As Melania Trump said of her husband in her second and final campaign speech: "He certainly knows how to shake things up, doesn't he?"
President-elect Donald Trump's potential to "shake things up" on a global scale is endless. And if he sticks to his campaign rhetoric (and that's a big if) nowhere could that be more true than in the Israeli-Palestinian conflict.
In one of his first campaign speeches that relied on the use of a teleprompter, candidate Donald Trump described himself to gathering of Israel's largest lobbying group, the American Israel Public Affairs Committee (AIPAC), as a "lifelong supporter and true friend of Israel."
He derided President Obama's nuclear deal with Iran, saying it made Israel less safe, and promised a Trump administration would dismantle that deal and protect Israel from Iranian aggression.
Trump said he would veto any resolution aimed at an agreement between Israel and Palestine proposed by the United Nations Security Council and said the entire U.N. is "not a friend of democracy" and "surely is not a friend to Israel." He also described President Obama as possibly the "worst thing to ever happen to Israel."
So, we know what's bad in his mind. So what's good, and how might he "shake things up"?
For starters, he said he would move the United States embassy in Tel Aviv to Jerusalem, which he called "the eternal capital of the Jewish people." But U.S. administrations from both parties have recognized Jerusalem as a disputed area with the Palestinians, and have said that the status of Jerusalem should be resolved in negotiations between the two. In turn, most foreign nations keep their embassies in nearby Tel Aviv.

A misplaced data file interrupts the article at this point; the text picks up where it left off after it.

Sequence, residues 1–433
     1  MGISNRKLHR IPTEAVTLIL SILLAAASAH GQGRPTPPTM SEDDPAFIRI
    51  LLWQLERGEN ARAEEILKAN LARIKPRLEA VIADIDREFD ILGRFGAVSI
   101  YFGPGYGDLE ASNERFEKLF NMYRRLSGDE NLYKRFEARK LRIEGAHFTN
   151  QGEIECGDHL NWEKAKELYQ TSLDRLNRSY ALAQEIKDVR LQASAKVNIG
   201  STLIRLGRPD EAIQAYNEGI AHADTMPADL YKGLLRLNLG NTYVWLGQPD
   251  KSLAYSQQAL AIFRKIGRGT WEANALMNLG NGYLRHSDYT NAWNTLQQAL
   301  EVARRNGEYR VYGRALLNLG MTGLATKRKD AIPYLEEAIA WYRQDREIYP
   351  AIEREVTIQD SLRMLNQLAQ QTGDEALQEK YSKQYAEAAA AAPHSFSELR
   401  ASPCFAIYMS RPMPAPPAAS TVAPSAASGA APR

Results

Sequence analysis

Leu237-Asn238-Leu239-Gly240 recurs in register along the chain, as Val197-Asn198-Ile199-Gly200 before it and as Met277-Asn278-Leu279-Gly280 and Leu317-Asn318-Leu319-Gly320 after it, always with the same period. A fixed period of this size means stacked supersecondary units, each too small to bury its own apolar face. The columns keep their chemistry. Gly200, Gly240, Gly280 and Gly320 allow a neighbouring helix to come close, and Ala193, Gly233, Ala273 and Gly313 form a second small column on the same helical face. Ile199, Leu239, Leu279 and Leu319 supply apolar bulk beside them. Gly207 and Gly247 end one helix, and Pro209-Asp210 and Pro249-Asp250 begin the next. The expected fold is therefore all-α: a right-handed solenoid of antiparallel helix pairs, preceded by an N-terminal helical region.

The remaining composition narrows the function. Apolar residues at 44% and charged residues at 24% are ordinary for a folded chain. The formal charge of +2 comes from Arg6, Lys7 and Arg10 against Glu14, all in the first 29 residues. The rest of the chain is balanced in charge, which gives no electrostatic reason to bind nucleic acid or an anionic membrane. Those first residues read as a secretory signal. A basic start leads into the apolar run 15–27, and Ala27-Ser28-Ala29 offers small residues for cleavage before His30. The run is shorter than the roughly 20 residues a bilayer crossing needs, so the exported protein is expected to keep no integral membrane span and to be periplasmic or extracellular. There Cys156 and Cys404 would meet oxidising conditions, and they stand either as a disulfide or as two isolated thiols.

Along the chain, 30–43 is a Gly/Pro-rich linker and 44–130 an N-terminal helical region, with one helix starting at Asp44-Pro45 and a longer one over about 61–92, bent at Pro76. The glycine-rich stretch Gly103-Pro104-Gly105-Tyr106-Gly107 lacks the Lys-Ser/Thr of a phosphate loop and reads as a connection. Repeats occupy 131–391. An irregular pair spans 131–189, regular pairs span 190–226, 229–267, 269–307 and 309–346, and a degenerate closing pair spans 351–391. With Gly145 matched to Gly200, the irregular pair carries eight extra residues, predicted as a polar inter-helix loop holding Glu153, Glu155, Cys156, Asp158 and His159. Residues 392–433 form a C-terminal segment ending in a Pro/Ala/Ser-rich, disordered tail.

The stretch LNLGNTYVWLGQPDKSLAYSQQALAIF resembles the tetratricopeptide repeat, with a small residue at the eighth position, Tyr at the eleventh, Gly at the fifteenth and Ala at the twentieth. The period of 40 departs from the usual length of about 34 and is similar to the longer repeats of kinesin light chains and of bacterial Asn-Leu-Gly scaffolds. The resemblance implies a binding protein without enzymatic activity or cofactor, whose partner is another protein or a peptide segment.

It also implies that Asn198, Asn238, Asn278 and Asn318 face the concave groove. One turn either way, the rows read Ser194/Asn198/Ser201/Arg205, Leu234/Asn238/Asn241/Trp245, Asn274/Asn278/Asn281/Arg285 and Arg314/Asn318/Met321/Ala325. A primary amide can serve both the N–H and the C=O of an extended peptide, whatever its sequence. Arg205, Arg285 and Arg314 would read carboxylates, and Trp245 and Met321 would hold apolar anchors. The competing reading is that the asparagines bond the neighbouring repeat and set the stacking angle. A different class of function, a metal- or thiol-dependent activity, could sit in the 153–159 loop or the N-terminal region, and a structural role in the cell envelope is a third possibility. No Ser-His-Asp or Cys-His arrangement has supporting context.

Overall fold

As for any agreement on a two-state solution, a top adviser to Trump said today that the president-elect doesn't think Israeli settlements (new construction on occupied territory) will impede the peace process.
In an interview with Israel's Army Radio, Jason's Greenblatt, co-chairman of the Trump campaign's Israel Advisory Committee, said: "It is certainly not Mr. Trump's view that settlement activities should be condemned and that it is an obstacle for peace, because it is not an obstacle for peace."
Those remarks stand in stark contrast to the long-standing U.S. policy that Israeli development on land captured in the 1967 war makes a peace agreement with the Palestinians far less achievable. He has been tapped as a chief Israel adviser to Trump.
Just last month the Obama administration said it "strongly condemned" new Israeli plans to build a new Jewish settlement in the West Bank and that such action undermine the ability to achieve a two-state solution.
State Department spokesman Mark Toner said at the time that it was "deeply troubling" that Israel would make this decision just after it had reached an agreement with Washington on the largest military aid package to Israel in history, a $38 billion 10-year deal.
Ultimately, it's unknown whether Trump's campaign rhetoric will shift to actual policy. Even candidate Obama told AIPAC in 2008 that Jerusalem should be the undivided capital of Israel. But in September, his office was forced to make an embarrassing correction to a public transcript that mistakenly identified Jerusalem as part of Israel.
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